This Shame Should Not Be Mine by GGGOLDDD

Release date: April 1, 2022
Label: Artoffact Records

I first heard of GGGOLDDD through my fandom of bassist Danielle Warner’s other project Søwt, I was really excited to get stuck into this album because it touches subject matter close to my heart but, my fucking laptop died yet again and put me on the shelf for a few months. So, apologies to the band, I had a lot of stuff I was dealing with at the time a key facet of which I’ll be writing about to some extent in this review and the cost of living crisis is not helping but, now we’re back in action. Usually, I stick to track by track reviews so, I can go in depth on what I like across the album and spotlight individual contributions better. However, if you’ve heard This Shame Should Not Be Mine before, you’ll have noticed that it’s a well-accomplishment “concept album” with reoccurring motifs, themes and a consistency across the board so, with that said I’m gonna be a bit more cohesive in my writing approach here.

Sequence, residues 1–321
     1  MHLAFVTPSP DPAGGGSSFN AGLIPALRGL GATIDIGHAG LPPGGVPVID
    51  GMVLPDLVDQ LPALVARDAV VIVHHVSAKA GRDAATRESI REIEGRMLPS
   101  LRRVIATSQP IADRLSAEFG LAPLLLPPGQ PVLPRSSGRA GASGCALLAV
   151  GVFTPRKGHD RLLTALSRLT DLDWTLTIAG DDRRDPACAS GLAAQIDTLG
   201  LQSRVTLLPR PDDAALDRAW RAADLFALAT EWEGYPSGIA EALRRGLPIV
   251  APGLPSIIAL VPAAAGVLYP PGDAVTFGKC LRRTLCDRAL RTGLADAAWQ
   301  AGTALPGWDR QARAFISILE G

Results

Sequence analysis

The album opens with pulsating bass and whirling, disorientating pitch bends, like nails dragging on a chalk board or an antique kettle boiling over on the hob. Each timbre lays the groundwork of gritted teeth and tension that will permeate across the album. The production viscous like oil dripping off each track, organic yet, electronica. Digital, yet analogue and it’s appropriate in so many ways. From the first cursory step into the album, we’re trapped in a tar pit, everyone involved understands exactly where this album is coming from and the listener is easily transported into its asphyxiating depths.